It was Tuesday, July 27, 2021.
After months of Dewan Rakyat being closed due to the Emergency, a special meeting of the Third Session of the 14th Parliament was held that week to much anticipation from voters.
It was already fireworks on the first day on Monday, befitting of MPs who had waited months to direct their grouses to the government. Speaker Azhar Azizan Harun was accused of treason. Prime Minister Mahiaddin Yassin was grilled over his recovery plan for dealing with COVID-19. Two MPs and several Parliament staff were found to be positive from the coronavirus.
On top of that, then law minister Takiyuddin Hassan confounded the country by claiming that Emergency laws were already revoked five days earlier – despite no such announcement ever been made. The Yang di-Pertuan Agong would later dispute this.
Tuesday, slated for discussions on several health-related matters including COVID-19, promised the same excitement. It did not disappoint.
Several Opposition MPs on this day argued for the government to bend over backwards to allow general practitioners (GPs) to prescribe the anti-parasitic drug ivermectin for COVID-19 prevention and treatment, much to the consternation of their colleagues.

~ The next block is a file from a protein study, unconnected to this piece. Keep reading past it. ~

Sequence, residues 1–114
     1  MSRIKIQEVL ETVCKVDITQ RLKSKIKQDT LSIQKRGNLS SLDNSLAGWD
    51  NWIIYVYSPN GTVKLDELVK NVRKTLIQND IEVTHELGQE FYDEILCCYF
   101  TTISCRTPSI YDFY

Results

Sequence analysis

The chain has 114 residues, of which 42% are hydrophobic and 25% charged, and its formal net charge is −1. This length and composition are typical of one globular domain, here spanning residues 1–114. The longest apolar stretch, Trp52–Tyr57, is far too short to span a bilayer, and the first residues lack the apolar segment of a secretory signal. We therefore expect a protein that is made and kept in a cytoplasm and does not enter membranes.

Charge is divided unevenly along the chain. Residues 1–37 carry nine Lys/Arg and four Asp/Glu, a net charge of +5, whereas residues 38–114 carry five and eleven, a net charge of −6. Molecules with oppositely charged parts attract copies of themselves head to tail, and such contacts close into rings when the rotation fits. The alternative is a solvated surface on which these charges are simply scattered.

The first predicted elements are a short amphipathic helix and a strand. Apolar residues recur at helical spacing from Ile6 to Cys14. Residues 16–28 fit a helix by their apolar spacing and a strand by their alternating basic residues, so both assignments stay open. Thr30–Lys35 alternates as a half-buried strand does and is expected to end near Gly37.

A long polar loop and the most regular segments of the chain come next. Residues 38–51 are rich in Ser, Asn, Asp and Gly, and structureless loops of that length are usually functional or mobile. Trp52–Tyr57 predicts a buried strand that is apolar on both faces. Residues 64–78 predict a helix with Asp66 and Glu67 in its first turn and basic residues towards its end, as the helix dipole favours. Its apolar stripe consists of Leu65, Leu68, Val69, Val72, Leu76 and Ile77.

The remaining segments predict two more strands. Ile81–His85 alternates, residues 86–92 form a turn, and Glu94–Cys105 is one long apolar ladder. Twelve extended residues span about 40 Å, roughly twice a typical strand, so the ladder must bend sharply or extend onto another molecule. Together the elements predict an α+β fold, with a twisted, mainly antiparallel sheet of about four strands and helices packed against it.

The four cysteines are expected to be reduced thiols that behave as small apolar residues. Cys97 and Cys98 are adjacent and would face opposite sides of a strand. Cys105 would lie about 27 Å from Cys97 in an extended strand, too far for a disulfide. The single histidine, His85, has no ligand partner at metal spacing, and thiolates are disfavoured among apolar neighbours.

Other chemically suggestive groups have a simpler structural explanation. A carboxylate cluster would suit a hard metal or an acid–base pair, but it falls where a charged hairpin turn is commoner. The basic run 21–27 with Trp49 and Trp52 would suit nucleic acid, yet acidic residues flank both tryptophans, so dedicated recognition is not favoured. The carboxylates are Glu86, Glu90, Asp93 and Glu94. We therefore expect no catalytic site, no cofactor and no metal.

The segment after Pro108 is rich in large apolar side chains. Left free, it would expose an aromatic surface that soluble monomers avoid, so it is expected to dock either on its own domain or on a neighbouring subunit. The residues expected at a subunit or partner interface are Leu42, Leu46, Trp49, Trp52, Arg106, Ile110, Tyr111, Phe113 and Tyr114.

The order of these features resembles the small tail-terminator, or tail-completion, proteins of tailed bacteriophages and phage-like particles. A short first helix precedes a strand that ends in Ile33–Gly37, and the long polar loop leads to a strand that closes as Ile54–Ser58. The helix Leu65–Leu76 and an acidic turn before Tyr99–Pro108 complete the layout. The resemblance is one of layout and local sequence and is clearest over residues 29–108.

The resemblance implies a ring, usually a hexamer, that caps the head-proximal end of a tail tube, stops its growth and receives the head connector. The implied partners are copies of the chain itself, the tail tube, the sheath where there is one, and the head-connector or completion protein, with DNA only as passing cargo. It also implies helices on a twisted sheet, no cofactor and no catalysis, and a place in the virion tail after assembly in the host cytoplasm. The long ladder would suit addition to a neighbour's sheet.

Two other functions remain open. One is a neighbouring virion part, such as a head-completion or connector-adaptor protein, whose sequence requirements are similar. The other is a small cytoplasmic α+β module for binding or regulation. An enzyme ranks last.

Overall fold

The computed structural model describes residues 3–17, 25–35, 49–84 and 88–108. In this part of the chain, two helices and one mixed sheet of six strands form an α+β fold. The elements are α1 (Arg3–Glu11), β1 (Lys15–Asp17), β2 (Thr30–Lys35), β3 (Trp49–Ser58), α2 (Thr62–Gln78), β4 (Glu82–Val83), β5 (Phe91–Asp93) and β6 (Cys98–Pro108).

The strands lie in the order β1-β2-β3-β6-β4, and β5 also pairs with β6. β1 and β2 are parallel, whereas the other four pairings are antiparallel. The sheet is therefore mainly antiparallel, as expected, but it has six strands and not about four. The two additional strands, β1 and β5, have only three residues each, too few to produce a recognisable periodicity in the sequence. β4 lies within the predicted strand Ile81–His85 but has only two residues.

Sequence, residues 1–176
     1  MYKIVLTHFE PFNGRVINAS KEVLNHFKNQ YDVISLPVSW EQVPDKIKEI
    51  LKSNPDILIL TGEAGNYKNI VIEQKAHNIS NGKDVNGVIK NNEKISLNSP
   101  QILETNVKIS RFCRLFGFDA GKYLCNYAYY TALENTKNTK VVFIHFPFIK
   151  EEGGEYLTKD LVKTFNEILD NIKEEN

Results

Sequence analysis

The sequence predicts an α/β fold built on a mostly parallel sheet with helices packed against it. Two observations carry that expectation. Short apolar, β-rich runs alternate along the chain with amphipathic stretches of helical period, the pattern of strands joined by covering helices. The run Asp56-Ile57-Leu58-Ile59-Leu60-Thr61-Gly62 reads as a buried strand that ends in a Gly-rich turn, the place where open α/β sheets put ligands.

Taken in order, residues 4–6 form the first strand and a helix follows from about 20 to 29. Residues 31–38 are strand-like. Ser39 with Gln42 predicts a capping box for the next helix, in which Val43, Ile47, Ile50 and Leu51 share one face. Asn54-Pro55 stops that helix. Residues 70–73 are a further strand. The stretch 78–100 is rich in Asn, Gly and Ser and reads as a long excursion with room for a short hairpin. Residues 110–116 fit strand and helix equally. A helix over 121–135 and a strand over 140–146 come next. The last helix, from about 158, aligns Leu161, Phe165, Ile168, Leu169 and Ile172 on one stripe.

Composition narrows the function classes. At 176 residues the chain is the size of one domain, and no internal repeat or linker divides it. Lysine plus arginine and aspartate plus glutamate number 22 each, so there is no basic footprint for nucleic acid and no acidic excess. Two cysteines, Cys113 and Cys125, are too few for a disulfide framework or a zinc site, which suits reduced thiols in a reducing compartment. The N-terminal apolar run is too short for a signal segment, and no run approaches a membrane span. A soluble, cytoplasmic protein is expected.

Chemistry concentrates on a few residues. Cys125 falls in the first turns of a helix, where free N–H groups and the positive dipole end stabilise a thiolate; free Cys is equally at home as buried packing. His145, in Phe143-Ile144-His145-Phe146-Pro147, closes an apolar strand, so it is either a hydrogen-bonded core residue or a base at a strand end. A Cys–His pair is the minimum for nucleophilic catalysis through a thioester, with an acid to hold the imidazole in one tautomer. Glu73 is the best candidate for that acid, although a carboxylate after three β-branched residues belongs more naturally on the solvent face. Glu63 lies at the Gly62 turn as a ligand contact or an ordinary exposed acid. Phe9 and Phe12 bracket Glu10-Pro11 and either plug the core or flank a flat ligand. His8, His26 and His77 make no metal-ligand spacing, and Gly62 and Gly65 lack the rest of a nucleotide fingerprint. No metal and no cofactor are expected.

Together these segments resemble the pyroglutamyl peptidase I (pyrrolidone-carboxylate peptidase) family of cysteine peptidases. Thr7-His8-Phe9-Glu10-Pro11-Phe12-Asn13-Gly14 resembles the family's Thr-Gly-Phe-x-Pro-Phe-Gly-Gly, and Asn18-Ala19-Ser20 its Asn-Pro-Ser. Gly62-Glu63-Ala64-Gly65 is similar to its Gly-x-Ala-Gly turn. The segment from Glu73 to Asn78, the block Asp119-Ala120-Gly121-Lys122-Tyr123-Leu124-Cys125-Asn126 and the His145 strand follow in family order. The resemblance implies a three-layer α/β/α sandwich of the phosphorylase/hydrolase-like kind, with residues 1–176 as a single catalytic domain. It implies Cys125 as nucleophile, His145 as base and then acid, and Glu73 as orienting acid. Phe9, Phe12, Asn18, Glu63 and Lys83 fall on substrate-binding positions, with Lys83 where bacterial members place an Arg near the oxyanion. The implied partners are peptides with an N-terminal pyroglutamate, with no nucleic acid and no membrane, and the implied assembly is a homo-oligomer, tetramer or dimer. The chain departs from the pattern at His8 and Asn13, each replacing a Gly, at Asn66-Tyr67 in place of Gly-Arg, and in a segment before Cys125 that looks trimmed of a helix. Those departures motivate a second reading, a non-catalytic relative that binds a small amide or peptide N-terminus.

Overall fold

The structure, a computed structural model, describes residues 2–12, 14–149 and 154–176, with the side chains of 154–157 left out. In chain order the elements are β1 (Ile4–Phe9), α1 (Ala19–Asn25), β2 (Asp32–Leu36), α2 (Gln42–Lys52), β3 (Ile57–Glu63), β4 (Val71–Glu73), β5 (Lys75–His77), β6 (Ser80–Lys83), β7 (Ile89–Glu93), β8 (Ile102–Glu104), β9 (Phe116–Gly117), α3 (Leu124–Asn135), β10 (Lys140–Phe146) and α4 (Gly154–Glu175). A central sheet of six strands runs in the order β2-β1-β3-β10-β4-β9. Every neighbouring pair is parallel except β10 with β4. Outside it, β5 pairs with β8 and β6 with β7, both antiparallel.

"A minister has the power to overrule the power of NPRA," Sivarasa Rasiah (PKR-Sungai Buloh) said as recorded in the Hansard, referring to the National Pharmaceutical Regulatory Agency, that decides whether a drug is safe to use nationwide.
"[People's] lives are the responsibility of the minister. Lives that will be lost because of you ― are on your head," he added, to then health minister Dr Adham Baba.
The special sitting did not even last a week. Chaos would later break out on Thursday.
The Muhyiddin administration would later be forced to step down, after UMNO pulled out its support, arguably due to the dispute with the Agong. Predictably, UMNO would then rise to lead a new government, made up of the same faces.
But that pro-ivermectin incident in Parliament would later lead to:
• its advocates renewing their push for Putrajaya to immediately allow the use of ivermectin, despite an ongoing clinical trial
• an attack on mRNA vaccines such as Pfizer-BioNTech's Comirnaty, later citing its falling effectiveness against the Delta variant
• opposition to mandatory vaccinations for students, and the relaxation of restrictions to fully-vaccinated individuals
• an attempt by the pro-ivermectin/anti-vaxxer coalition to evolve into a political lobby
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